BOTSWANA and Zambia yesterday agreed to incorporate Zimbabwe in the US$259 million Kazungula rail and road bridge project as President Emmerson Mnangagwa’s administration cleanses Zimbabwe’s international diplomatic and economic image.
It took President Mnangagwa, Botswana’s leader President Seretse Ian Khama and President Edgar Lungu of Zambia less than 10 minutes to seal a deal that failed to get traction in a decade of poisoned relations with former president Mr Robert Mugabe.
President Mnangagwa; Transport and Infrastructural Development Minister Dr Joram Gumbo; Foreign Affairs and International Trade Minister Dr Sibusiso Moyo; Secretary for Information, Media and Broadcasting Services Mr George Charamba and other Government officials flew into Kasane yesterday morning and finalised the pact in minutes.
Together with Presidents Khama and Lungu and their delegations, they inspected progress made in the construction of the 923-metre-long bridge.
Talks on the multinational project in Sadc’s North-South Corridor started in 2008 and work commenced in 2014, with Zimbabwe choosing to isolate itself from an initiative that will boost regional trade because Mr Mugabe did not get along with President Khama.
Soon after touring the project, President Mnangagwa and his team returned to Zimbabwe.
On arrival back in Harare, President Mnangagwa said: “Well, that project has been on for the past 10 years and at the time of its conception there were three countries – Zimbabwe, Botswana and Zambia and they agreed on that bridge.
“Down the line Zimbabwe pulled out as a result of some dispute at the time about the boundary but Zambia and Botswana decided to go ahead with the project.
“So the project has been on for the past 10 years and as you have seen, lots of progress has been made. Now Zimbabwe has decided to come on board and Zambia and Botswana have agreed to have Zimbabwe come on board.”
President Mnangagwa clarified the misconception that Zimbabwe had nothing to benefit from the Kazungula Bridge project.
“The same facilities of a one-stop border post on the Zambia and Botswana side will now be constructed on the Zimbabwe side, and Zimbabwe will contribute to the loan in the same manner Zambia and Botswana are doing. It is a done deal and the three brothers are together again after the 10-year period of isolation,” he said.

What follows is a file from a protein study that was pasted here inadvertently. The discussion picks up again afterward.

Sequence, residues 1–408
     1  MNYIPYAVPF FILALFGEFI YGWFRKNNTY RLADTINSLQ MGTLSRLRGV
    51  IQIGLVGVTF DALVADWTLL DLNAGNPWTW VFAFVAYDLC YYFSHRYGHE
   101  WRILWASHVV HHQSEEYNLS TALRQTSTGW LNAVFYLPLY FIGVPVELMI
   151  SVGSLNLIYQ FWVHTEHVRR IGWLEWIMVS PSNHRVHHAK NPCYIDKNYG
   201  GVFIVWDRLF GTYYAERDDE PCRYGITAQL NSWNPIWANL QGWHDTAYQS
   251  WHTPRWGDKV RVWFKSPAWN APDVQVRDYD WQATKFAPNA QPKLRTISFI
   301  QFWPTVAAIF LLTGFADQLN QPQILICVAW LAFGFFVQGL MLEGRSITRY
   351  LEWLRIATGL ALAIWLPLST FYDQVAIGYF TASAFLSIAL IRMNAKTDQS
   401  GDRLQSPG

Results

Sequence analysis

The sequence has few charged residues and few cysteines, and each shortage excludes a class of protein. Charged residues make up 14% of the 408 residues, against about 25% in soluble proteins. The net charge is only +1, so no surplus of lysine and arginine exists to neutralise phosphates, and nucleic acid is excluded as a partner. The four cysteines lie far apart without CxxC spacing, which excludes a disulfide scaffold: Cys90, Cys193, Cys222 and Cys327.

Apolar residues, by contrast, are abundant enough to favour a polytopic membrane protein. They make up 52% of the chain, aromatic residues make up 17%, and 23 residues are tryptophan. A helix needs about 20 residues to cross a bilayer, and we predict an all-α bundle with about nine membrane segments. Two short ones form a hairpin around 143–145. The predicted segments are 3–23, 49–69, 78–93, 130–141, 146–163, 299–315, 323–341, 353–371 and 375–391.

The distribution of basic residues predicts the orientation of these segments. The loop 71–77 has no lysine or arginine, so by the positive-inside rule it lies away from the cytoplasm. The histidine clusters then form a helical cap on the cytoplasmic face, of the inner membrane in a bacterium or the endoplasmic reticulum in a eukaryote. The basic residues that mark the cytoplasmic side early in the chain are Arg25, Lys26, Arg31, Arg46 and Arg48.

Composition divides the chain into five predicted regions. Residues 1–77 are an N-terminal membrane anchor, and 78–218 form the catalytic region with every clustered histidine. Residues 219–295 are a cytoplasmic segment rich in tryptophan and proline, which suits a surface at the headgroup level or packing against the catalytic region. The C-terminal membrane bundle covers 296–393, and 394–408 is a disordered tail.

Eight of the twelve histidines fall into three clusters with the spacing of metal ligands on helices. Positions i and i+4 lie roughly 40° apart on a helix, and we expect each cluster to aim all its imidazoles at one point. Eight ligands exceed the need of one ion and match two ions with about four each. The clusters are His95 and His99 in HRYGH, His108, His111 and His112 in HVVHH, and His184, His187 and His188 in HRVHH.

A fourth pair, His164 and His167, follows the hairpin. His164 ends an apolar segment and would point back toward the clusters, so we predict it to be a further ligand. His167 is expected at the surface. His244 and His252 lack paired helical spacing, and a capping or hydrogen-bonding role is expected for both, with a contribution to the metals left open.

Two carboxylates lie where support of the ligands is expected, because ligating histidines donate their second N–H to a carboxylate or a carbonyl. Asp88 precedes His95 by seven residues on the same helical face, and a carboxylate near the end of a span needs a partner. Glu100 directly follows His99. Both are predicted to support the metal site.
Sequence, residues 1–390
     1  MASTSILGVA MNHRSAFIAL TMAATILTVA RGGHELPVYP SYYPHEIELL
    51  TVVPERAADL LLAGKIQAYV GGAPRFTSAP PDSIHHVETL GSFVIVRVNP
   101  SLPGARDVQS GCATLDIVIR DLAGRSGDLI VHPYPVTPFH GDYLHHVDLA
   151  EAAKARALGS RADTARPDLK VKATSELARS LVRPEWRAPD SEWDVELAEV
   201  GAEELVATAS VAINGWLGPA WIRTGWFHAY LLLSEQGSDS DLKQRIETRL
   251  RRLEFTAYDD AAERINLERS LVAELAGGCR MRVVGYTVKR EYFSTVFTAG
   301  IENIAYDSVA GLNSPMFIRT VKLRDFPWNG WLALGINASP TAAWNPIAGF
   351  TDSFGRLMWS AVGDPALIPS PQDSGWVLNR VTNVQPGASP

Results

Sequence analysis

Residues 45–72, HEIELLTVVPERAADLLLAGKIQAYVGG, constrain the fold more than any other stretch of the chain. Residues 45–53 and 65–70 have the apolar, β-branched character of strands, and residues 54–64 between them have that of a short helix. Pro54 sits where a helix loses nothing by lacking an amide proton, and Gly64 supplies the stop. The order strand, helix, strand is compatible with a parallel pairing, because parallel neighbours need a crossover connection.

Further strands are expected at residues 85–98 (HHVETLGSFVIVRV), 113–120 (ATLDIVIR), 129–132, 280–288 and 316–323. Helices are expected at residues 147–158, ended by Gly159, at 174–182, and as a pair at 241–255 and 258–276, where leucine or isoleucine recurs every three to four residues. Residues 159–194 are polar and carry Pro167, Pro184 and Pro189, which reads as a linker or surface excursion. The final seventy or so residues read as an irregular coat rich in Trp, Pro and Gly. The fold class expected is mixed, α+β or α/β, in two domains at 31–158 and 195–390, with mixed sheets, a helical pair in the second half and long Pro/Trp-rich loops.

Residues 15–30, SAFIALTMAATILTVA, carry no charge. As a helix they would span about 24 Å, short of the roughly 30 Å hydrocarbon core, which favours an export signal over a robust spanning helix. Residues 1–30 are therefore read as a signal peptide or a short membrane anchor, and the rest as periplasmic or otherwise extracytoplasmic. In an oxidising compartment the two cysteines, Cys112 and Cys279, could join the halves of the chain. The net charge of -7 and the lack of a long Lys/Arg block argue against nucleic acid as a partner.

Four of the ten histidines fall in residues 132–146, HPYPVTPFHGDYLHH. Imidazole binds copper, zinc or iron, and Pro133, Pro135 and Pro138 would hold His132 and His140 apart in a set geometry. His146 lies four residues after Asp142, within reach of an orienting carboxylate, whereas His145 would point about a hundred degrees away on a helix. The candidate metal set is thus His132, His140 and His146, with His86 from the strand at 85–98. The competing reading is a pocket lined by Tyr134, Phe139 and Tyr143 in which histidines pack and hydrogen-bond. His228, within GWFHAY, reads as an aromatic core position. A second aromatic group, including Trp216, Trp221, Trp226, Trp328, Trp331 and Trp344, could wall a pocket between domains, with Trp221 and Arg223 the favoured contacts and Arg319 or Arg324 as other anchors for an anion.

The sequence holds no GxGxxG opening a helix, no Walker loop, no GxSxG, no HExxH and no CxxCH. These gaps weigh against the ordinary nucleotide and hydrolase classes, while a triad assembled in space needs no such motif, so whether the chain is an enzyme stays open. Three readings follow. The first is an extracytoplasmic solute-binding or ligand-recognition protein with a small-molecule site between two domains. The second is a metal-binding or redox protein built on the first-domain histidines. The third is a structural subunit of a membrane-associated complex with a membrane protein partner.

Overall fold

Construction of the bridge is being funded through a co-financing arrangement with the African Development Bank and the European Union-Africa Infrastructure Fund Trust.
Under Mr Mugabe, a dispute erupted after he refused to have the bridge enter Zimbabwe’s territory.
This necessitated design altercations with the bridge – which was supposed to go straight into Zimbabwe – now going westwards into Namibia before curving into Zambia.
As such, a bridge that would have been 600m long but for Mr Mugabe’s resistance ended up extending to close to a kilometre.
Presidents Mnangagwa, Khama and Lungu were evidently relaxed in each other’s company yesterday.
Zimbabwe’s leader said: “As we were talking, I said I am their senior because I am the oldest but Khama claims he was the oldest President, and with regards to Lungu, I said ‘I was ahead of you at school’ and he said ‘I was appointed President first’.”
Zimbabwe is opening up for business and President Mnangagwa has set about mending political and economic relations in Sadc and beyond.
He is expected in China soon at Beijing’s invitation.
Last week, Russia’s President Vladimir Putin dispatched his top envoy, Mr Sergey Lavrov, to Harare to bolster political and economic co-operation; while Britain has sent two senior officials to Zimbabwe since December 2017.